7. The Artist (2011)
Directed by Michel Hazanavicius
Starring Jean Dujardin, Bérénice Bejo, John Goodman
Comedy, Drama, Romance (1h 40m)
It makes sense that a film about silent cinema would be filmed to look like silent cinema. But Michel Hazanavicius took it one step further and made The Artist sound like silent cinema, too, by taking away all of its dialogue.
Here, 1920s film star George Valentin (played by Jean Dujardin) has his career threatened by the birth of "talkies" (i.e., movies with sound and spoken dialogue) at the same time he falls in love with the young Peppy Miller (played by Bérénice Bejo).
This French comedy-drama may be clichéd at times, but what silent-era romance wasn't? Hazanavicius pays tribute to early Hollywood through his dynamic and creative filmmaking, boldly omitting any words or color for a truly authentic feel.
6. The Tragedy of Macbeth (2021)
Directed by Joel Coen
Starring Denzel Washington, Frances McDormand, Alex Hassell
Drama, Mystery, Thriller (1h 45m)
There are over 500 films that credit Shakespeare as their writing source, and more than half of them are based on the same four titles: Romeo and Juliet, Hamlet, Othello, and Macbeth.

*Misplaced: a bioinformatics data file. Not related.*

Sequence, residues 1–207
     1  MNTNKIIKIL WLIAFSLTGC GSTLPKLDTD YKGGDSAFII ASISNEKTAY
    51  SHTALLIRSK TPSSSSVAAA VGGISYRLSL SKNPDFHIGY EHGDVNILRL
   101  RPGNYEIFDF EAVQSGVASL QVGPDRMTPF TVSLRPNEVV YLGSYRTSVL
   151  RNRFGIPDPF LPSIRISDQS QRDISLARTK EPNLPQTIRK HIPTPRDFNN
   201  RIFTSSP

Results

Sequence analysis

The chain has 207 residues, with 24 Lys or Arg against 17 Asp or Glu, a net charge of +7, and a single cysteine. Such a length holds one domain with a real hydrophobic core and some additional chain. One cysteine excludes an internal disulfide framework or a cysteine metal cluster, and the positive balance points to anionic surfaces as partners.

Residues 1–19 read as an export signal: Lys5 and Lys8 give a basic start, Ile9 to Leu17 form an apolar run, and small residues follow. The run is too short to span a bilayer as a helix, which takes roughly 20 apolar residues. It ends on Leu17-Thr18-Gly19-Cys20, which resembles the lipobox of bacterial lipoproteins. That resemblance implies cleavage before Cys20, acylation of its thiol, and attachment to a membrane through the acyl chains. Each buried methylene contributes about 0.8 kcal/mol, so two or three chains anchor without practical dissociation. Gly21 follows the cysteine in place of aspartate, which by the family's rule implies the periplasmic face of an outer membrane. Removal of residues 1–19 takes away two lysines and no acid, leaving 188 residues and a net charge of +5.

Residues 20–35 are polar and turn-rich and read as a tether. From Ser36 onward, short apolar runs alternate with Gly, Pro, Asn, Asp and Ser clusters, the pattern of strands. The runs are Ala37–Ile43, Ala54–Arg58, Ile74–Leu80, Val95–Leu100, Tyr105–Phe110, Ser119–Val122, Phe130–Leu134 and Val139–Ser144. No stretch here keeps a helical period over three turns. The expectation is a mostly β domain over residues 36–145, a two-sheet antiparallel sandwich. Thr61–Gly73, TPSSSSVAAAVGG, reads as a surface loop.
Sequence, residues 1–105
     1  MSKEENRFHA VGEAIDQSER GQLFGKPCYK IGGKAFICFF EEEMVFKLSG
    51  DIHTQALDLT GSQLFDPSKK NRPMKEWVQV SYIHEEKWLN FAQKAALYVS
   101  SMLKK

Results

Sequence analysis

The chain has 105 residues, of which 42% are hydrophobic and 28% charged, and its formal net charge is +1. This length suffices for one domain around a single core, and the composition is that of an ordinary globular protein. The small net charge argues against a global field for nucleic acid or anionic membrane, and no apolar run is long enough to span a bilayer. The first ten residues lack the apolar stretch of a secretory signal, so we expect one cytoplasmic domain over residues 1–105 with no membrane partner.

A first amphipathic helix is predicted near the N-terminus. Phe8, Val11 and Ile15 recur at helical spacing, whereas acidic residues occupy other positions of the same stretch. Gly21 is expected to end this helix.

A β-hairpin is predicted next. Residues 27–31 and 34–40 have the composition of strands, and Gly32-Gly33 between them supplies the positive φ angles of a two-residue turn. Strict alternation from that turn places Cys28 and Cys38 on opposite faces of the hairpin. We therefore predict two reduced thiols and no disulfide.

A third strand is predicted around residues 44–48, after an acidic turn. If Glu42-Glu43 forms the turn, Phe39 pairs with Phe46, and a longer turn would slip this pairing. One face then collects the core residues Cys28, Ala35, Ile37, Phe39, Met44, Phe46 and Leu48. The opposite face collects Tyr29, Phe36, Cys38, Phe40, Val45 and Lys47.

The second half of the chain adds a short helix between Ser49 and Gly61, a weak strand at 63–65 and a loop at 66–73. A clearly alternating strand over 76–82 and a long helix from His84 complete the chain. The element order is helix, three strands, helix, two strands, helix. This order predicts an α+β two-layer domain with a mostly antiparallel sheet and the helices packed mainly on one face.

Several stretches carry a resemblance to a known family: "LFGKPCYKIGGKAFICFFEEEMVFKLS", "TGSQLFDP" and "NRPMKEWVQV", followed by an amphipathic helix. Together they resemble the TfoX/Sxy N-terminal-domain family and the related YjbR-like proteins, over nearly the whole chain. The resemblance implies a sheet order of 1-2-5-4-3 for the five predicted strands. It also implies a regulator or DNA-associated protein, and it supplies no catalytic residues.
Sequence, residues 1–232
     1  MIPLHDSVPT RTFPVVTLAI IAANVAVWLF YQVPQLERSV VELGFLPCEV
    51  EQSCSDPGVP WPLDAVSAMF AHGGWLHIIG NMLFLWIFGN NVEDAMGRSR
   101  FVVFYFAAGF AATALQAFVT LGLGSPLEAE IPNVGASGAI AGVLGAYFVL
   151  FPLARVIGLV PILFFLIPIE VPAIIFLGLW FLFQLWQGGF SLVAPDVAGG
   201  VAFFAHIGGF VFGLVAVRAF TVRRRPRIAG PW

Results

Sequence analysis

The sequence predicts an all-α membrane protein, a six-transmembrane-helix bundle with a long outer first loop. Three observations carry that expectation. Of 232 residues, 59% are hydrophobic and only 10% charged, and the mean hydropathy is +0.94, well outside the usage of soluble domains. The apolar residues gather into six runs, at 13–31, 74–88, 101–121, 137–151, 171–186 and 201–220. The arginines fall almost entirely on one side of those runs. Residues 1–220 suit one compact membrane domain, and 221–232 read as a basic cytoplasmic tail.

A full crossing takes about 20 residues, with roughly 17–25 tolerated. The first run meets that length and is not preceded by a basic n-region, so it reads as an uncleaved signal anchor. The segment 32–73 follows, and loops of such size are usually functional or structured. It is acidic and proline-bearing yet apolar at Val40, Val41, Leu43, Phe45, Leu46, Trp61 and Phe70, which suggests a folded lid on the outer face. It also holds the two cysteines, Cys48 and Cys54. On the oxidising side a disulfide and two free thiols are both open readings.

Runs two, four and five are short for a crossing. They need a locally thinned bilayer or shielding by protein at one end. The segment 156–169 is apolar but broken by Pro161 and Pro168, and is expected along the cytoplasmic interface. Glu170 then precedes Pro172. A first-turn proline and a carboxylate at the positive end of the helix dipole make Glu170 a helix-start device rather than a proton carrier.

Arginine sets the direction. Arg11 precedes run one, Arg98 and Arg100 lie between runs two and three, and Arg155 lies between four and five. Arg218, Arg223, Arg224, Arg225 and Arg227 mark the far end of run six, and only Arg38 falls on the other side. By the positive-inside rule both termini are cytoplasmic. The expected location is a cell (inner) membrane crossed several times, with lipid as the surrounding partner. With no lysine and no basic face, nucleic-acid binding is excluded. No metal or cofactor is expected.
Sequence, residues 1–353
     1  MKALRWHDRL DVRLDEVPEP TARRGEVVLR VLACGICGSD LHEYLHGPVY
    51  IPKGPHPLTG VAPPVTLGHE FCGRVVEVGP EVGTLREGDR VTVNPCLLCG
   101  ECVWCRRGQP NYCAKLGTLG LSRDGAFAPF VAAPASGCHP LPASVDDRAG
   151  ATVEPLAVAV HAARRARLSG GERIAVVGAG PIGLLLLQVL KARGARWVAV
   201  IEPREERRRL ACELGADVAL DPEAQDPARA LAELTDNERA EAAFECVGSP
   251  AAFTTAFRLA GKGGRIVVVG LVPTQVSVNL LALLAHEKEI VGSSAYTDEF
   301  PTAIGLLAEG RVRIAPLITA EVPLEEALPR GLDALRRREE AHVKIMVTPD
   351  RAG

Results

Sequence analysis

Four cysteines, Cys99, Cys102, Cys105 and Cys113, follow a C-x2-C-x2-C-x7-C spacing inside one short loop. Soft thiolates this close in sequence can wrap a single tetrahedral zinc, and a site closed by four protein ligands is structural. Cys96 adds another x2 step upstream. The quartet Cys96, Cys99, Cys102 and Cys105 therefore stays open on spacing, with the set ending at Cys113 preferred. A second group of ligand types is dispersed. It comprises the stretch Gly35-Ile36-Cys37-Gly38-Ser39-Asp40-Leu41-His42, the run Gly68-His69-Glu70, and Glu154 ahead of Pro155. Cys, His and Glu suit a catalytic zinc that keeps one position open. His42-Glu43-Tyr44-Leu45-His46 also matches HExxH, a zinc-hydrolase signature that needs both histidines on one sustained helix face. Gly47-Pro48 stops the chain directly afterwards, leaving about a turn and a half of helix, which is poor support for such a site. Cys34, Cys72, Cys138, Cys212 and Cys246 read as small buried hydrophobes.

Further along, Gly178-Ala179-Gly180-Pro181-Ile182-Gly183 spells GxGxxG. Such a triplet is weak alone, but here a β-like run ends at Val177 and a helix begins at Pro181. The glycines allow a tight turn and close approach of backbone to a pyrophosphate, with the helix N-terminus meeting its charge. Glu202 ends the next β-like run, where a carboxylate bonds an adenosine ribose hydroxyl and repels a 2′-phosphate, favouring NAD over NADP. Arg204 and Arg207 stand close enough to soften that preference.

Many Macbeth movies are black-and-white because they were older and produced before color film, but The Tragedy of Macbeth is monochrome entirely out of choice.
Crisp, modern high-definition meets old-school German Expressionism in Joel Coen's rendition of the tragic play, and its visual prowess helps it to stand out in an overcrowded genre.
From the prestige look and feel of The Tragedy of Macbeth, it's no surprise that it's an A24 production, starring Denzel Washington and Frances McDormand, among several other stars.
5. Nebraska (2013)
Directed by Alexander Payne